Artificial Intelligence (Machine Learning)  Advanced computer algorithms to solve generally complex problems.
Contents



[hide][top]Internal futures.io (formerly BMT) AI Links
[hide][top]External Research AI Links
ABC Information:
Particle Swarm Optimization:
Particle Swarm Optimization:
AI/Machine Learning Libraries:
 AI  Artificial Intelligence (Machine Learning)
 ABC  Artificial Bee Colony
 ACO  Ant Colony Optimization
 ANN  Artificial Neural Network
 CGP  Cartesian Genetic Programming
 GA  Genetic Algorithm
 GP  Genetic Programming
 HMM Hidden Markov Model
 NN  Neural Network
 ML  Machine Learning (Artificial Intelligence)
 PSO  Particle Swarm Optimization
 SBC  Simulated Bee Colony
 SVM  Support Vector Machine
Generally, to apply Artificial Intelligence/Machine Learning, the problem to solve needs to be defined. This seems logical, but sometimes is skipped and coders rush to a solution. Consider what is the goal of the system:
 Predict the next close price
 Predict market movement X bars out (Up/Down/Chop)
 Is the market condition Choppy?
 What is the confidence the current trend will continue?
 etc.
Once the problem has been defined, one can then look to preparing a hypothesis to solve the problem.
The hypothesis is the formula of the proposed solution. So if in real life, the solution for a time problem is Y(t), the hypothesis generally written as h(t) will be the computers approximate solution. The difference of these two values makes up the error in the system, and usually expressed as means square error:
Mean Square Error = (h(t)  Y(t))^2 "The difference between the hypothesis solution and actual squared"
The hypothesis is a formula made up of parameters (usually referred to by X) chosen to help solve the problem and their associated weights (usually referred to as
Theta, but other references are used):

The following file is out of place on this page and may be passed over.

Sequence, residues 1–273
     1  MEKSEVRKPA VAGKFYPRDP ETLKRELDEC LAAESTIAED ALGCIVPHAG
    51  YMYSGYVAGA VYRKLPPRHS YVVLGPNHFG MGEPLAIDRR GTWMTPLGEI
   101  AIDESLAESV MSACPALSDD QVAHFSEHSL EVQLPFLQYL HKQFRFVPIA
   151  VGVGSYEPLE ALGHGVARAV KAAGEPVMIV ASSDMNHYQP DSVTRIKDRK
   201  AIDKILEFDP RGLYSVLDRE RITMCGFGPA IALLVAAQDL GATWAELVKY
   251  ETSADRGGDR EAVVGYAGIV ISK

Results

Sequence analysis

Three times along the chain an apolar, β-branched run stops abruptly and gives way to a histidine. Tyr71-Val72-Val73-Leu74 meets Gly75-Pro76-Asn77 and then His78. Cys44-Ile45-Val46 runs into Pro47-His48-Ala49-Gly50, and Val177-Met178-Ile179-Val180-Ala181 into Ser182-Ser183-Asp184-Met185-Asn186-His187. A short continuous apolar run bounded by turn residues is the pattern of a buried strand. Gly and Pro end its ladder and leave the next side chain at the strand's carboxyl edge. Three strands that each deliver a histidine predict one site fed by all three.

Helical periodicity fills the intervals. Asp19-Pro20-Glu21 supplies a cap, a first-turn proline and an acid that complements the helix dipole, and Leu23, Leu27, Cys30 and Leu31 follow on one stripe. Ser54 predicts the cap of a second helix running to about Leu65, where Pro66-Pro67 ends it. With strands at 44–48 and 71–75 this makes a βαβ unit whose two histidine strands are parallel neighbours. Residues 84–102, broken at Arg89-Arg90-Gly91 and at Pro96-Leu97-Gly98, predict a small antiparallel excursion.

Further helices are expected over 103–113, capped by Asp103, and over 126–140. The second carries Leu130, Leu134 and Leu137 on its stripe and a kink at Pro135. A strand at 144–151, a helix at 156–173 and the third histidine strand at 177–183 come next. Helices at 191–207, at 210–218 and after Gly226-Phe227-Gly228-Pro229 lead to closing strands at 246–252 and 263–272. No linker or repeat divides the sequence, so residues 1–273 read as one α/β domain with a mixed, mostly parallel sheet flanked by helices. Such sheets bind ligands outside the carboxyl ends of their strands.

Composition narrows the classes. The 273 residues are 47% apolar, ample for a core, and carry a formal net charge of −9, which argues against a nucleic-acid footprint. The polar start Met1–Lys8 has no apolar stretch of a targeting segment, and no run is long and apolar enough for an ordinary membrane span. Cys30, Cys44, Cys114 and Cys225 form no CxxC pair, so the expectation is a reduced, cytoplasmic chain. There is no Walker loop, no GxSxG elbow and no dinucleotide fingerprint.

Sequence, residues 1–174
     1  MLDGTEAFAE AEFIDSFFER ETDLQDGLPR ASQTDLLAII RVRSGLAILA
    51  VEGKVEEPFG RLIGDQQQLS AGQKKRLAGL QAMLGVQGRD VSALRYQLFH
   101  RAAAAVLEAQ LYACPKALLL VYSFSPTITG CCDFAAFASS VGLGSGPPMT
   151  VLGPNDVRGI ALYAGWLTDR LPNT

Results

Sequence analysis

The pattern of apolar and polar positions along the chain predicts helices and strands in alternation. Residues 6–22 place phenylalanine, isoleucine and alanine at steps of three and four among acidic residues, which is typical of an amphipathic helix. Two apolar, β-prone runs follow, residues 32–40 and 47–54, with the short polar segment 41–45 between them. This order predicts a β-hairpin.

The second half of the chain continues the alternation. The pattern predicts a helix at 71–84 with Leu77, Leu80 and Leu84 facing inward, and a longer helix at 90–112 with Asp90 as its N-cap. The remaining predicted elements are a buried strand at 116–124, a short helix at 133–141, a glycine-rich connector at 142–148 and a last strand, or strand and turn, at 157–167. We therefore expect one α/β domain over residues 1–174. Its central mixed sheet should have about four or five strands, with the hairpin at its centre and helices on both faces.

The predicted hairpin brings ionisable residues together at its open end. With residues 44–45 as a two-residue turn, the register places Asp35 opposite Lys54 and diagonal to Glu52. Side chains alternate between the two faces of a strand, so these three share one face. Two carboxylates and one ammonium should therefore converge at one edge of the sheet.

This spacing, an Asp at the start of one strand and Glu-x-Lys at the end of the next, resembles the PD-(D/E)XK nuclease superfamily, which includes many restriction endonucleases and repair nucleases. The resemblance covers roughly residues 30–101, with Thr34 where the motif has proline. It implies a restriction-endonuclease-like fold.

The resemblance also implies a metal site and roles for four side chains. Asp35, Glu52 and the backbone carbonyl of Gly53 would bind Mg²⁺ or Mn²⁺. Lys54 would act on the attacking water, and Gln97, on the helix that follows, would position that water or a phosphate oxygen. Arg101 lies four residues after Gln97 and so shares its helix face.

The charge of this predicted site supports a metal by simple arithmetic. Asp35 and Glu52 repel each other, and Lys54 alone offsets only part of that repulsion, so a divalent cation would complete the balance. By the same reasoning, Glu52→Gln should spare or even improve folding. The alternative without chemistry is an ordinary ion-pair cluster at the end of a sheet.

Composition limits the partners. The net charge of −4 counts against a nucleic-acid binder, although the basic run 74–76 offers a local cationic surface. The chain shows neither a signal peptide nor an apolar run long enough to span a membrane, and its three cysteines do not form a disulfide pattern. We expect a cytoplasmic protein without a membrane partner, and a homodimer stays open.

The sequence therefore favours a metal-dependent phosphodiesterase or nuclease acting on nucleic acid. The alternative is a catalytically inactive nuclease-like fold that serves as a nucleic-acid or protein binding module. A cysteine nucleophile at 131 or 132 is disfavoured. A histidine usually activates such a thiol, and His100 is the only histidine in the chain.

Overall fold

h(t) = Theta0 + Theta1*X1 + Theta2*X2 + ...+ ThetaN*XN
Notice the Theta0 value with no parameter (or parameter = 1) is referred to as the
Bias term. This helps system converge when the solution doesn't pass through the origin (0,0,0 if you will).
The parameters X1, X2, ... XN need to be selected such that an expert in the proposed problem might agree there is enough data to reasonably supply an accurate hypothesis value. The expert might not know how to do this reliably, but need to agree this data should help provide a solution and is sufficient. Due to the complex nature of the hyperplane (N dimensional virtual surface) formed by the hypothesis and computer optimization.
A good example of what might not be a good hypothesis for predicting the next bar's Close price would be:
h(t) = Theta0 + Theta1*Close[t1]
Experts will look at the above which says you only look at the current close and then you know the next close is simply not a good enough hypothesis statement. Clearly, if the market is in a strong up trend or down trend the close will go in the direction of the market, this trend data isn't present in the hypothesis to aid in prediction of the next Close. This is likely to be a random number generator which has nothing to do with market price and will not generalize to predict market Close prices.
[hide][top]Artificial Bee Colony (ABC)
Place Holder
[hide][top]Artificial Bee Colony (ABC)  Subgroup Test?
Place Holder
[hide][top]Artificial Bee Colony (ABC)  Subgroup Test?
Place Holder
[hide][top]Artificial Bee Colony (ABC)  Subgroup Test?
Place Holder
[hide][top]Particle Swarm Optimization (PSO)
Place Holder